You don’t need a thousand zombies to have a tense-as-hell episode of The Walking Dead. As last night’s episode proved, all you need to do is upend everything we thought we knew about the post-apocalypse, make the fights political instead of physical, and have Abraham obsess about unprotected sex… a lot.
Last night’s episode, the intriguingly named “Knots Untie,” was definitely good, but even more than good it was pivotal. I’m hard-pressed to remember an ep where TWD gave us so much information, an almost all of it monumental in how its going to affect the survivors in Alexandria
The revelations start when Rick and Michonne hastily put on clothes and have their talk with Jesus, as he requested last week. Jesus reveals he’s from another community of survivors—not just a group, but a large, (reasonably) self-sufficient colony called Hilltop. They too are hurting for certain supplies—which is why Jesus tried to grab Rick and Daryl’s truck—but when Jesus figured out they were good people, he decided to try and broker an actual alliance between the two “towns.”
Rick and the others’ minds are blown, as well they should be. Suddenly, they’re not just the only group of people who managed to survive this far, build a community, and not turn into sarcastic cannibals along the way. Discovering another town is huge enough, but Jesus is also presenting them an offer to work together, for two separate groups with their own interests to work together for the benefit of both. This is something akin to civilization, and I don’t think Rick and the others had ever even thought it was possible.
Obviously, Rick et al. are still plenty skeptical—what seems too good to be true in the post-apocalypse invariably is—but Jesus has had oodles of time to kill them all in their sleep, so they’re willing to give him a chance. It also helps that Alexandria’s food supplies are running extremely low, and Jesus’ colony Hilltop has plenty of crops and livestock. It’s definitely a risk, but it’s a risk they have to take. So a surprisingly large contingent of main characters in including Rick, Michonne, Daryl, Glenn, Maggie and Abraham get in a Winnebago with Jesus and it’s road trip time.
They don’t get too far before they see a recently wrecked car, and Jesus recognizes it as one of his people’s (apparently 65% of zombie apocalypse drivers cannot drive for shit). Rick and the others are basically almost totally certain it’s a trap, and are about to call the whole thing off until they see how genuinely upset Jesus is. They track them down to the nearby building where the survivors are hiding, kill a few zombies and save the day. Thus they and we learn two very important facts: 1) Hilltop has a doctor, who is also an obstetrician, and 2) the Hilltoppers cannot fight. They’re all basically cowering in fear from a half-dozen zombies, which literally any one member of Rick’s posse could handle (and that was before they pushed their kill counts to triple-digits in the mid-season premiere).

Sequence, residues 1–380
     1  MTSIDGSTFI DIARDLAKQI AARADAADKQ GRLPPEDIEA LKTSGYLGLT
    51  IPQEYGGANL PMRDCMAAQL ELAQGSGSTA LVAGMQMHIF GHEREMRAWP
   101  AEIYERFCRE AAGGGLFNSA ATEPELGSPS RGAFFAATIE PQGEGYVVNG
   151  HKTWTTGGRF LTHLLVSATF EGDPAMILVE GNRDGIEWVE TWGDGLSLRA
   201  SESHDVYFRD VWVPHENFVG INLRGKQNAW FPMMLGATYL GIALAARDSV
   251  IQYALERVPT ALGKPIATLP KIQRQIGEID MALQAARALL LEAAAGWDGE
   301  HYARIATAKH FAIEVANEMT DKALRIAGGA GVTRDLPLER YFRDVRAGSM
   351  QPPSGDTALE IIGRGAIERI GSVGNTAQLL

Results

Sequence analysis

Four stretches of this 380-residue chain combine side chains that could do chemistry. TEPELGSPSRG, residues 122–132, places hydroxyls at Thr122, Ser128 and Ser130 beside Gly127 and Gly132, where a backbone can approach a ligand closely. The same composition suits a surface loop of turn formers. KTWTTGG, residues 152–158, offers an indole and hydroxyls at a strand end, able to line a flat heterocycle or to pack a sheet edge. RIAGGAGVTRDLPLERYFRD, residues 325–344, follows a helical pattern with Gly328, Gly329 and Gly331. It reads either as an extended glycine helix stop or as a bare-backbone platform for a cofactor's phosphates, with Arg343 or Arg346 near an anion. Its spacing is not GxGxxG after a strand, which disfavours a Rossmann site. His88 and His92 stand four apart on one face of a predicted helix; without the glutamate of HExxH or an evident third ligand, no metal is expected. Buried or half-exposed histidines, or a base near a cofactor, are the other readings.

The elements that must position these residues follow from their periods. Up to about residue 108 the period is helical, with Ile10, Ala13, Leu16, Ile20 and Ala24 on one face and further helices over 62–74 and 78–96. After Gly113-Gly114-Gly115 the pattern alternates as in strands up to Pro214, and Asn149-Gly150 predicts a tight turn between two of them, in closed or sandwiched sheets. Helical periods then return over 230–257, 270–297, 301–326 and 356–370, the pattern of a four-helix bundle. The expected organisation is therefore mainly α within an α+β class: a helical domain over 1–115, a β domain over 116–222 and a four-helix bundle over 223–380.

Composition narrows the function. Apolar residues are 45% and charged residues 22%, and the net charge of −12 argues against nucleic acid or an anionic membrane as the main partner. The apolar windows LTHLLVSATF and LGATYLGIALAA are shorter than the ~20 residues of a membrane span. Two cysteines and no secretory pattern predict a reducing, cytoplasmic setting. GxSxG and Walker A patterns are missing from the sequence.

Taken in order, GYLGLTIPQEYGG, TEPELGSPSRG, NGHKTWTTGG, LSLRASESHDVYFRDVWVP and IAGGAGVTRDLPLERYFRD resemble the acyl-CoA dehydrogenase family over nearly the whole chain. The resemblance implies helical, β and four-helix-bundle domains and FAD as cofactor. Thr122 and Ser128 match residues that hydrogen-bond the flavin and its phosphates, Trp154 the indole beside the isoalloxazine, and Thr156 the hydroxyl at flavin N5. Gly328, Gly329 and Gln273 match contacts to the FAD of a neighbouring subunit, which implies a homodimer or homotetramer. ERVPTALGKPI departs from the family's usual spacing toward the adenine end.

So when they all arrive at Hilltop, they’re coming with a lot of good will… from Jesus and the other people they saved. The inhabitants of Hilltop are more skeptical, which might be nervewracking except that Rick’s team are all carrying guns, and Hilltop’s guards have wooden spears. Yes, spears. Not only are the Hilltoppers lacking fighters, they’re lacking weapons. But they seem to have lots of everything else—crops, livestock, medicine, people with OB/GYN training, etc.
Actually, everything about Hilltop is fascinating. It appears to be a Fort So-and-So-type historical re-enactment town; I think was an honest-to-god blacksmith’s. Its walls are made of giant logs (which supposedly came from nearby, but just adds to the classic American fort vibe). In the center is Barrington House, which is kind of a colonial mansion-turned-historical museum. I fully expected a schoolbus full of 4th-graders to pull up at any moment.
The leader of Hilltop is Gregory, and he’s an asshole. He’s not evil, like pretty much everyone else Rick’s crew has met over the years; he’s just a smarmy dick. When Rick and the others arrives, he tells them they have to wash up before he’ll even talk to them. Rick—in an uncharacteristically self-aware decision—decides he better not even talk to the guy.
Instead he asks Maggie to negotiate for them. As you’ll recall, the show has been positioning Maggie as Deanna’s second-in-command; here she gets to show off her leadership qualities as she deals with the smug, sexist Gregory, who basically tells her Hilltop doesn’t need anything. Jesus apologizes for his leader, but asks Rick’s group to stay to give him a chance to talk sense into Gregory—because whatever Gregory may say, Jesus know things are more complicated at Hilltop than he’s letting on.
As if to prove Jesus’ point, three Hilltoppers return home… from making a delivery to a man named Negan. Turns out Negan didn’t think the offering they brought him was enough. Turns out Negan killed a few of them and kept one named Craig for safe-keeping. Turns out Negan also told Craig’s brother Nathan if he ever wanted to see his sibling again, he should stab Gregory in the gut. Nathan stabs Gregory in the gut. Chaos ensues.